Make no mistake about how the future of distributing clean electricity will be managed: smart grid platforms are an integral building block in this clean electricity infrastructure.
The US Department of Energy states this about smart grids:
“’Smart grid’ generally refers to a class of technology people are using to bring utility electricity delivery systems into the 21st century, using computer-based remote control and automation. These systems are made possible by two-way communication technology and computer processing that has been used for decades in other industries. They are beginning to be used on electricity networks, from the power plants and wind farms all the way to the consumers of electricity in homes and businesses. They offer many benefits to utilities and consumers — mostly seen in big improvements in energy efficiency on the electricity grid and in the energy users’ homes and offices.
“For a century, utility companies have had to send workers out to gather much of the data needed to provide electricity. The workers read meters, look for broken equipment and measure voltage, for example. Most of the devices utilities use to deliver electricity have yet to be automated and computerized. Now, many options and products are being made available to the electricity industry to modernize it.”
Modernization of the grid is key as we move forward in this century.
ABB, a pioneer in the development and deployment of smart grid technology, opened its Smart Grid Center of Excellence (COE) in 2011.
Located on Centennial Campus of North Carolina State University in Raleigh, ABB’s team works to fulfill the company’s mission to provide customers with the most proven integrated smart grid solutions for distribution automation.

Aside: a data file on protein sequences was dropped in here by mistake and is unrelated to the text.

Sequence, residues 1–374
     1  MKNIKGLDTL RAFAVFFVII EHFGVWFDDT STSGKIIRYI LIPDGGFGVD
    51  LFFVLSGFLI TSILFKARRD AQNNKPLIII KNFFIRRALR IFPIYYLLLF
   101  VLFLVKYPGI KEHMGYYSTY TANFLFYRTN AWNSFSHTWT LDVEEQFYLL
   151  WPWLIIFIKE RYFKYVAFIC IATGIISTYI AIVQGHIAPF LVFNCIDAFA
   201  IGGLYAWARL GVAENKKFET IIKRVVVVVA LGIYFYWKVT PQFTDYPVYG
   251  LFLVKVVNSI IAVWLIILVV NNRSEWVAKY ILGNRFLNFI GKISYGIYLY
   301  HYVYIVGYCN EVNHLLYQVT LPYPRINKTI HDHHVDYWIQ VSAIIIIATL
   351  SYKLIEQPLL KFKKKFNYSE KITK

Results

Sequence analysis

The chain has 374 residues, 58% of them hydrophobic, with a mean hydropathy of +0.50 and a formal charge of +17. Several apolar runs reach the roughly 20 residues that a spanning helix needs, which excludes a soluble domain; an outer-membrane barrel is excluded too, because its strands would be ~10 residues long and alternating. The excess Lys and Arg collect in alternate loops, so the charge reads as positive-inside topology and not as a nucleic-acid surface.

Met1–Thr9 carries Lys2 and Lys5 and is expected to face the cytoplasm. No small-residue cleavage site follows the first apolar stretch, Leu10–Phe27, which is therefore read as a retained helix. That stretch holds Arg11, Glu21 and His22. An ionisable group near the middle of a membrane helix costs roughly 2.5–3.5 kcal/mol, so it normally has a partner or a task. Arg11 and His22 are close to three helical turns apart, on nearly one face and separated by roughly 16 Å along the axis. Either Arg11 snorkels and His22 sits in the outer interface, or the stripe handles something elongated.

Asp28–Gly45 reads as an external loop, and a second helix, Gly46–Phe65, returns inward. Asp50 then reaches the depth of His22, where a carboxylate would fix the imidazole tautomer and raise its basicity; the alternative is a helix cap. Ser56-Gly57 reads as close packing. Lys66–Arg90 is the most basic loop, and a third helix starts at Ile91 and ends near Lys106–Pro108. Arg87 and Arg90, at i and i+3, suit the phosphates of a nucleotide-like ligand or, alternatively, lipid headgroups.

As stated by ABB, this state-of-the-art Smart Grid COE has been created to demonstrate smart grid technology and provide a testing facility for the smart grid industry. The COE has functional systems which display the end-to-end solution where information technologies and operational technologies “converge to close the loop of automation, control and data acquisition.” Utilities can also utilize the COE’s laboratory capabilities to ensure interoperability between components before they commit to a particular technology or vendor.
As ABB special project manager Conor Lennon points out in this Solar Impulse video below, “If we are to continue growing the economy without harming the environment, we’re going to need to find new ways to produce, transmit, and consume energy. And this calls for smart grids.”
Importantly, much of the focus here is on renewable energy. In an interview earlier this year with CleanTechnica, ABB CEO Ulrich Spiesshofer said, “We have shifted from a manual world to a world driven by electricity. We have shifted from stable fossil fuels to world powered by renewables.”
More information on the Smart Grid Center of Excellence is available at ABB’s web site.
This report has been sponsored by ABB, images via ABB
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